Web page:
Is it impossible to compute multiple models in parallel using brms with `backend = "cmdstanr"`?

I am trying to compute multiple models in parallel on my computer with 16 logical cores. To do so, I use brms::brm() inside furrr::future_map(), and using four workers to run furrr::future_map() by setting plan(tweak(multisession, workers = 4)). In addition, I use brms::brm() with its backend set to cmdstanr (i.e. brms::brm(..., backend = "cmdstanr")), since cmdstanr’s computation is fast. Moreover, I set the number of cores to use when executing the chains in parallel as four (i.e. brms::brm(..., cores = 4)), as I have four chains per model.

However, when these settings are implemented, as shown below, and multiple models are computed in parallel using furrr::future_map(), the error collect2.exe: error: ld returned 1 exit status occurs and the execution halts. The problem is resolved when I use purrr::map() instead of furrr::future_map() but purrr::map() does not parallelise the computation of multiple models.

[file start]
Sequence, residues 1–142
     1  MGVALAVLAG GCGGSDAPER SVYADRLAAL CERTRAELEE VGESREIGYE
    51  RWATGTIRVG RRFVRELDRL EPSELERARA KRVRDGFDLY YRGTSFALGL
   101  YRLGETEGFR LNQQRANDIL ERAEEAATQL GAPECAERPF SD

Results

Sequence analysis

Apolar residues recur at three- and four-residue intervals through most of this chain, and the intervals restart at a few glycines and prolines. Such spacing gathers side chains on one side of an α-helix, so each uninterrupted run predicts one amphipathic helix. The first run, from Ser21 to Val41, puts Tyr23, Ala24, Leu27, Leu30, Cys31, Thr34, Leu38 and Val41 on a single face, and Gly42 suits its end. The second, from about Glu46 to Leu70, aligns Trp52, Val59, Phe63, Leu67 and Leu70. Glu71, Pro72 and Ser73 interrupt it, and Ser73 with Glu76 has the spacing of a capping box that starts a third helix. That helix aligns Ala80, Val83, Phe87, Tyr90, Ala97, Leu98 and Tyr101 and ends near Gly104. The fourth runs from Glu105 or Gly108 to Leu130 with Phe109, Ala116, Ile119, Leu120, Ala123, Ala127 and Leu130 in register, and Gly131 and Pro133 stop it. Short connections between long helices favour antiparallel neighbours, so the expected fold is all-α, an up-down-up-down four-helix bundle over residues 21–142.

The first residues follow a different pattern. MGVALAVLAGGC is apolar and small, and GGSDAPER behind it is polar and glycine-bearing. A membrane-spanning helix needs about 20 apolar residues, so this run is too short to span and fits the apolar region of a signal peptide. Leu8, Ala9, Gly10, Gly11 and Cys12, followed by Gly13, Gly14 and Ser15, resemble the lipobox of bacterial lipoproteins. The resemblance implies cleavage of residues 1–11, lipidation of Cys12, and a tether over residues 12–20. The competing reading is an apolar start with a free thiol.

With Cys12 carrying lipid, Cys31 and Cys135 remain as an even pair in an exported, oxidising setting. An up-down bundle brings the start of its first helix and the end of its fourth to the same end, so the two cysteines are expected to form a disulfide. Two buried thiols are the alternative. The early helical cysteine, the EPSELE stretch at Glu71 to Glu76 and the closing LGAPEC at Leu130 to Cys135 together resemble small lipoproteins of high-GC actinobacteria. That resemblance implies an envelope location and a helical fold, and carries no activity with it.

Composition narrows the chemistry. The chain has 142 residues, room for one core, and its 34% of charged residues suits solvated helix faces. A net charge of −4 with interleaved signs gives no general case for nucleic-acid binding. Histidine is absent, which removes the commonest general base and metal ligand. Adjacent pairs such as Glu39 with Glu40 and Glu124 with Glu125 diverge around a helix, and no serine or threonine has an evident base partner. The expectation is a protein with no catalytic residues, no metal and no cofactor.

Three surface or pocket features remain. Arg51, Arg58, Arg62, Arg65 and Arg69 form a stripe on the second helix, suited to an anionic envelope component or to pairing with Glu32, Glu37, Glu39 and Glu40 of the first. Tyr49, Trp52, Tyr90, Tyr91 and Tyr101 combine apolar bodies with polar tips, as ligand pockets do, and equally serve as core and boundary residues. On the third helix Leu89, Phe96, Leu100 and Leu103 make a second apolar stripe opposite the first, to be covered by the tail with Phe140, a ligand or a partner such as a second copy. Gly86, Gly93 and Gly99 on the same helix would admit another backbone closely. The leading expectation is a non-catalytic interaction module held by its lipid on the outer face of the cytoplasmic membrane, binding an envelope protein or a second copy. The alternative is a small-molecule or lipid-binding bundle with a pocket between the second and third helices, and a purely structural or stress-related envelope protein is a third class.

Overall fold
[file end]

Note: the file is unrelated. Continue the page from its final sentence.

Does the problem happen because I am trying to do nested parallelism where four workers compute models (by setting plan(tweak(multisession, workers = 4))) and each worker deals with additional four cores set by brms::brm(..., cores = 4)? Then, is it impossible to compute multiple models in parallel using brms as shown in here or @matti 's post on RPubs when backend = "cmdstanr" is set?

bayes_samples_Nsim <- samples_Nsim |>
  group_by(sample_id) |>
  nest(samples = samples) |>
  mutate(
    Bayesian_model = future_map(
      .options = furrr_options(
        scheduling = 0,
        seed = 7,
       prefix = "prefix"
      ),
      samples,
      ~ brm(
        samples ~ 1,
        data = .,
        family = gaussian(),
        # The prior can be more constrained